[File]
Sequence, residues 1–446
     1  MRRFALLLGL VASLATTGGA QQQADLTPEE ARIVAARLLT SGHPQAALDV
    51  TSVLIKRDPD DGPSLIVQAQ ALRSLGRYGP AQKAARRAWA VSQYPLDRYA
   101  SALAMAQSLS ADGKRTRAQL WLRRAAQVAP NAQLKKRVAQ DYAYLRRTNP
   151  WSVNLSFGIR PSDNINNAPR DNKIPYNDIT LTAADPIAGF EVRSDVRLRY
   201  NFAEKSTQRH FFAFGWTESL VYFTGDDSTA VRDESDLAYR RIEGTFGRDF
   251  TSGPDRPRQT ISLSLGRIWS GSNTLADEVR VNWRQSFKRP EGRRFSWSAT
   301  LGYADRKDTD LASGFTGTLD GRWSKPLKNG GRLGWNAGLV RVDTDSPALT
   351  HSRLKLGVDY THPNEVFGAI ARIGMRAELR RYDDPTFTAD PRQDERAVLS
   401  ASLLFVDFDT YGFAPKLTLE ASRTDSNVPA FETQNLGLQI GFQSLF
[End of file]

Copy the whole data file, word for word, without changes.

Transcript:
Sequence, residues 1–446
     1  MRRFALLLGL VASLATTGGA QQQADLTPEE ARIVAARLLT SGHPQAALDV
    51  TSVLIKRDPD DGPSLIVQAQ ALRSLGRYGP AQKAARRAWA VSQYPLDRYA
   101  SALAMAQSLS ADGKRTRAQL WLRRAAQVAP NAQLKKRVAQ DYAYLRRTNP
   151  WSVNLSFGIR PSDNINNAPR DNKIPYNDIT LTAADPIAGF EVRSDVRLRY
   201  NFAEKSTQRH FFAFGWTESL VYFTGDDSTA VRDESDLAYR RIEGTFGRDF
   251  TSGPDRPRQT ISLSLGRIWS GSNTLADEVR VNWRQSFKRP EGRRFSWSAT
   301  LGYADRKDTD LASGFTGTLD GRWSKPLKNG GRLGWNAGLV RVDTDSPALT
   351  HSRLKLGVDY THPNEVFGAI ARIGMRAELR RYDDPTFTAD PRQDERAVLS
   401  ASLLFVDFDT YGFAPKLTLE ASRTDSNVPA FETQNLGLQI GFQSLF